Lastly, always, always be true to your character and story. Just because you write horror does not mean you can feel free to throw in gratuitous slasher scenes or gross-out sex lines to sell your story. When you do that, you are lying to yourself and your art. Only put in what moves the story along and tells your story as it is meant to be told. Oh, and have fun. I do every single day and I love it.

Thank you for joining me on my blog, Suzi. Your passion really makes me want to read your books. Perhaps a peek. In daytime...

Scorn Kills, Death Most Wicked and The Devil’s Lieutenant are all part of The Devil’s Due Collection

Book link
Book Description
The thing Evil craves most is innocence. When small children disappear, you can be assured that Evil has crawled out of its dirty corner. And when those children turn up dead, Evil has clawed its mark on humanity.

What if you were a homicide detective and little girls were suddenly being kidnapped and murdered by a devious pedophile? And what if that pedophile left no evidence behind except for the broken bodies? What would you sacrifice to save just one innocent child? Would any sacrifice be too great? What if it cost you someone you loved? What if, by saving that child, you unleash a horrific monster into your own life?

Mikael Ruskoff was living his dream. He was a highly successful, homicide detective working a career he loved. He had a mother who adored him, a son he took skateboarding, and a wife he loved more than words could express. He played a mean drum set every Thursday night with his best friend on guitar. His life was comfortable and pleasurable. Then he caught a case that would change his life forever.
Here are some reviews of Suzi's books to make up for the fact I just can't read or watch horror. I get nightmares and I avoid anything that might spark them off. However, I have every respect for the genre and for those of you who like to feel the fear and read it anyway, these are for you!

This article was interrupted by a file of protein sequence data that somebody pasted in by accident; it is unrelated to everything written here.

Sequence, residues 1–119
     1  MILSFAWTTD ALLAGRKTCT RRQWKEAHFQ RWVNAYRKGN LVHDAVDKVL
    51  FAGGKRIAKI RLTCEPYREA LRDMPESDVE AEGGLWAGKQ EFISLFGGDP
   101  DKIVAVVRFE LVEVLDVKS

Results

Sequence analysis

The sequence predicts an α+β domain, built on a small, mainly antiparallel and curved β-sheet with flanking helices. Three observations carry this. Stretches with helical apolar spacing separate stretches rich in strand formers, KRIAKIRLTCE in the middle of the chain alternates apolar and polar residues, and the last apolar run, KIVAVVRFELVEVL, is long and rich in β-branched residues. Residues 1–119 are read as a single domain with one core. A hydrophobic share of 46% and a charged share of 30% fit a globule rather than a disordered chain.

Death Most Wicked
By B. Martin 

This is one creepy novel. First you have a man who wants a little sister so desperately he's willing to kidnap children, only to kill them when they refuse to live inside his shed. Then you have this hellish substance that turns victims into puddles of bloody liquid. And in the middle of all this is Mikael Ruskoff, a homicide detective who's charged with solving a seemingly never ending string of murders.

Suzi Albracht has a fantastic imagination, and she does a wonderful job bringing this disturbing tale to life. Twists abound. Characters are connected in ways you least expect. And it's all presented in a way that will leave you on the edge of your seat. (or in my case, my bed) Definitely a novel horror fans will want to check out.

Book link
The Devil’s Lieutenant
By Glen Barrera 

After reading and enjoying Albracht's Scorn Kills, I knew what was in store when I began reading this novel. I wasn't let down. In fact, after the first few pages I was convinced the author had taken this tale of horror to an even greater level. Like any good novel, horror or not, it's the well written characters that drive the story. 

In this department, Albracht didn't skimp: Jake Holyfield and his pregnant wife, Caroline; his brother Bobby and friend Max - the good guys - pitted against evil in the form of Carl and Dimitry Ivanovich. Quite simply, the bad guys want the good guys on their team, by whatever means. And they do have interesting means. 

But this story is also about the frailty of the human condition. What moral price would someone pay for unlimited money, youth, or the woman of their dreams? This is a fast paced read, with unexpected twists and turns, leading to a well-done ending. I definitely want to read Albracht's next book.
Book Link

Watch the Book Trailer if you dare: The Devil’s Lieutenant